Saturday, July 23, 2011

Easy lunch + dinner: Moroccan Chicken with Jasmin or Basmati Rice

Hello friends,

I found a version of this chicken recipe in one of Jillian Michaels' books. Not only is it flavorful, but it is super easy to make! The chicken comes out delicious and you can just add veggies or rice or anything else you have already as a side. Here is my version:

Skinless, boneless chicken breasts
Cooking spray

Combine all spices in a dish,  spray chicken with cooking spray to cover it with the herb mixture and let is sit for about 30 min. Then just grill. 
 While you are waiting for the chicken to absorb all of the herbs, go ahead and work on your side dish and put the rice on the stove. This time I just had a couple of bell peppers in the fridge so I just chopped them up, added salt and pepper, and grilled them.
For the rice I just used a brown jasmine variety because it is super easy to cook. Just throw it in the pot with water and wait. It is so flavorful and aromatic!
This recipe is really a time saver. The rice was cooking while the chicken and peppers were marinating. At that time I was just doing something else. Then after about 30 min I came back and put the chicken and pepper on the stove at the same time.
Here is the yummy end product!

The best idea is to box the left overs for lunch. It definitely beats any quick lunch you can get around the office, and it is much more healthier too! 

Bon Appétit

Monday, May 30, 2011

Very good LENTILS!!!

Dear all, please welcome me back from my [almost] six month blog hiatus. My intention was not to abandon you. However, sometimes a brilliant law student is faced with only two options. To balance a full course load - including her first real trial  - with a part-time job or to enjoy cooking and blogging. Clearly, I opted for the former.  Luckily, as all in life, that too, was temporary and here I am thinking of you as I explore vegetarian cooking. 

This recipe was originally posted by Martha Rose Shulman in The New York Times about a year ago. I tweaked it a little and here it is. 

  • 2 tbl of Virgin Olive Oil
  • 1 small onion finely chopped
  • 1 large carrot, diced
  • 3-4 garlic cloves, minced
  • 1 tsp of red pepper flakes
  • 1 can of grated tomatoes
  • 1 cup of lentils
  • water (obvious but just in case)
  • 1 small escarole
  • bouquet garni: bay leaves, thyme, cilantro, parmigiano romano rind
  • Heat oil in dutch oven (or any pot)
  • Add onions and carrots and cook for about five minutes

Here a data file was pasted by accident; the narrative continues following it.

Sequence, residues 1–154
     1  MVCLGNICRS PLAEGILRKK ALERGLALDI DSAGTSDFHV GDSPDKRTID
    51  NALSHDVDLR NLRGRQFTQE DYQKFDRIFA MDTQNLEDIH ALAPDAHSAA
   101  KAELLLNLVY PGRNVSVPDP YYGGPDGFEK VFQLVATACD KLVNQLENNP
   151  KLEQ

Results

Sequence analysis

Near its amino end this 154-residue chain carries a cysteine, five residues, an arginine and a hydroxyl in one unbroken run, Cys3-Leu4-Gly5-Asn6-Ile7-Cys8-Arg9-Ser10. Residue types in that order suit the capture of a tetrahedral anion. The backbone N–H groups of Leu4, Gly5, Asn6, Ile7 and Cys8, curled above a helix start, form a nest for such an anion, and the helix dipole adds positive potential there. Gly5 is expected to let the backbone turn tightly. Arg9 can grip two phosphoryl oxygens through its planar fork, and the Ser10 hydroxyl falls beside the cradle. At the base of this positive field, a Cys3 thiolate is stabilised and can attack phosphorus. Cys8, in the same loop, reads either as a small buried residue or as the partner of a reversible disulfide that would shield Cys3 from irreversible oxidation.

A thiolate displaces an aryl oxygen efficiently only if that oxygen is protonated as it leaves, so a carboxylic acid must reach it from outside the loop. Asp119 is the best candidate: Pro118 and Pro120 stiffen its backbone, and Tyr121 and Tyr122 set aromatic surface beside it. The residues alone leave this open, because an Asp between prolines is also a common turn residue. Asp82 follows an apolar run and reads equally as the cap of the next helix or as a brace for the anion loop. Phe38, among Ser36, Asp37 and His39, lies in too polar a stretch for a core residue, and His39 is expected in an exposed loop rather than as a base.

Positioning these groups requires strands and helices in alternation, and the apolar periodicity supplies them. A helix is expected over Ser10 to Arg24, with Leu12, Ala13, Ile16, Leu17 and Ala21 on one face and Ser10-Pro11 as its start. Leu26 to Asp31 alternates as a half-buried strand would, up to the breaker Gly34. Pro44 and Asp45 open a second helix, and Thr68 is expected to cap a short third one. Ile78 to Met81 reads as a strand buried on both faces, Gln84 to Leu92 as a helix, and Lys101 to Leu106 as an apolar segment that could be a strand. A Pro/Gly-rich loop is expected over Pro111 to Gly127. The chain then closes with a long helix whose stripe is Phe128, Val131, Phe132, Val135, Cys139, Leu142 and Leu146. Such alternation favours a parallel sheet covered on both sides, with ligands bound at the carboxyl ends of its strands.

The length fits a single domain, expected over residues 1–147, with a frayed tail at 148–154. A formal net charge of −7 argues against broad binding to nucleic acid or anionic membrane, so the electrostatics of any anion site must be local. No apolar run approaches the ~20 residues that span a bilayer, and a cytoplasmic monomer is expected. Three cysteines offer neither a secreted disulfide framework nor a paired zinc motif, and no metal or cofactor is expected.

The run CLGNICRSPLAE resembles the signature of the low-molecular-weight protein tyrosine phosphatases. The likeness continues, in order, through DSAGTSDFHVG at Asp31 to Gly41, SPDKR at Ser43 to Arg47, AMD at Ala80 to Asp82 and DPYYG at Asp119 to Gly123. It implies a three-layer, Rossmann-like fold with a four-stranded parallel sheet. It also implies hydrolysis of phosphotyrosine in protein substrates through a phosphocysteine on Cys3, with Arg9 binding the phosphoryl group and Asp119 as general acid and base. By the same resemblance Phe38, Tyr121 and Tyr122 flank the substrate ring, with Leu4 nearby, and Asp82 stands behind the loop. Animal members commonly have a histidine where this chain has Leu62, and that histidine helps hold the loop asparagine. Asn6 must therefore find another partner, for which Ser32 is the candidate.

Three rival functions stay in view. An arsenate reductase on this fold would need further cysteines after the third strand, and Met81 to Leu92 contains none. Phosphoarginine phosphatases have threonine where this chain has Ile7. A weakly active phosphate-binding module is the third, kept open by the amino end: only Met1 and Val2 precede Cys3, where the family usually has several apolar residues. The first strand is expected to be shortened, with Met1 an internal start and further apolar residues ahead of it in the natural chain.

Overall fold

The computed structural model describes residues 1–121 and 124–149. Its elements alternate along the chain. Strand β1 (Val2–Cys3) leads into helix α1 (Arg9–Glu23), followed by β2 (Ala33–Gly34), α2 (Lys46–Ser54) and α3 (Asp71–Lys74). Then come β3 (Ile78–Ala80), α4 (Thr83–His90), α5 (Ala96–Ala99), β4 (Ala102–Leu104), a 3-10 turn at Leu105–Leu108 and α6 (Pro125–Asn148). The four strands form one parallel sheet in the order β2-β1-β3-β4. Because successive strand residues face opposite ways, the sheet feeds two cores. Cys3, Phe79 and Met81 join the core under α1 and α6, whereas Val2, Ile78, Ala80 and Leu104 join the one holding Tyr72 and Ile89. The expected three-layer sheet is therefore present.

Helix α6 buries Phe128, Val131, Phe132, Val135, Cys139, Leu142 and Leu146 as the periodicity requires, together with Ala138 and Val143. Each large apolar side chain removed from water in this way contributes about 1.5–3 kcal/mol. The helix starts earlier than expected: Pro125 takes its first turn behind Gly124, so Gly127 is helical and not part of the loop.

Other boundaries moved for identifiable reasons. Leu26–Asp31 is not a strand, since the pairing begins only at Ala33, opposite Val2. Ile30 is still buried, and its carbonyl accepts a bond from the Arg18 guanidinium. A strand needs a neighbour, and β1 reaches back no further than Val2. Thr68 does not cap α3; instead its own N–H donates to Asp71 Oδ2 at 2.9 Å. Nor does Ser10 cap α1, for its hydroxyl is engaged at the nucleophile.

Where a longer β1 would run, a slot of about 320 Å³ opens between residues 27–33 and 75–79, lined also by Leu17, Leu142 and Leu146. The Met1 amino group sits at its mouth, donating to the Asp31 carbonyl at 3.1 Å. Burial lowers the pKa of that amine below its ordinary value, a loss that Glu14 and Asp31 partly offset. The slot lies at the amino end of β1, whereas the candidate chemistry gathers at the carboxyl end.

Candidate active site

• add garlic & red pepper flakes and stir for about about a minute or two
  • Stir in tomatoes and bring to a simmer (5-10 min)
  • Add lentils & simmer for a few minutes
  • Add bouquet garni and water
  • Bring to a boil, reduce heat, add salt to taste (cover and simmer for half an hour)
  • Add escarole & bring back to simmer for about 15-20 min until escarole and lentils are tender. Add salt and pepper and remove bouquet garni.          
 Preparation in pictures
Tip: always a good idea to use a food processor (especially for onion and garlic). Organic canned tomatoes are just as good and they are already grated and seeded saving you time.

The recipe called for 1/4 teaspoon of pepper flakes but being Mexican I threw in about a teaspoon (or more).

Add tomatoes and it should look like this. Notice the Virgen of Guadalupe watching over me as I cook

Now the lentils.. yum yum yum but not yet...

This was the first time I used the garni and I felt somewhat official. Don't know how to explain but using it gave me some sense of legitimacy in the kitchen.
 Final Product looks like this:
Hmmm de-lish! The delightfully spicy aroma is filling my lungs with flavor (salivating already) hmmmmm Once again, I fell madly in love with myself. Ok gotta go eat now. Enjoy!

Saturday, January 1, 2011

Steak and Potatoes with Mexican Salsa

A trip to Costco's meat department inspired this succulent recipe that reminded me of my typical meals growing up where beef and salsa were a MUST at the dinner table.

Arrachera cut is the best for this dish. I am not exactly sure if it is flank steak because it is not tough as flank steak is supposed to be yet the translations all have arrachera as flank. Here is what it looks like:
You can marinade this beef anyway you want it.  This time I just used salt and pepper because I knew my salsa would give it a lot more flavor later.

This recipe is so easy yet so great! First, dab a little oil with a napkin on the cast iron grill. 
 Then place the beef on the grill, turn it, and take it out when your heart desires. Simple as that.

Oh! Salsita hmmmm just even writing about it gets me excited. This is just one variation of the always welcomed Mexican salsa.

First boil three tomatoes and two jalapeños. Once they are boiled peel the tomatoes and remove the ends to both the chiles and tomatoes.
While the tomatoes and chiles boil, chop - I use a food processor for cutting - some cilantro and onion. Place it in the container where you will serve the salsa.  You can peel and cut an avocado as well but it is not necessary.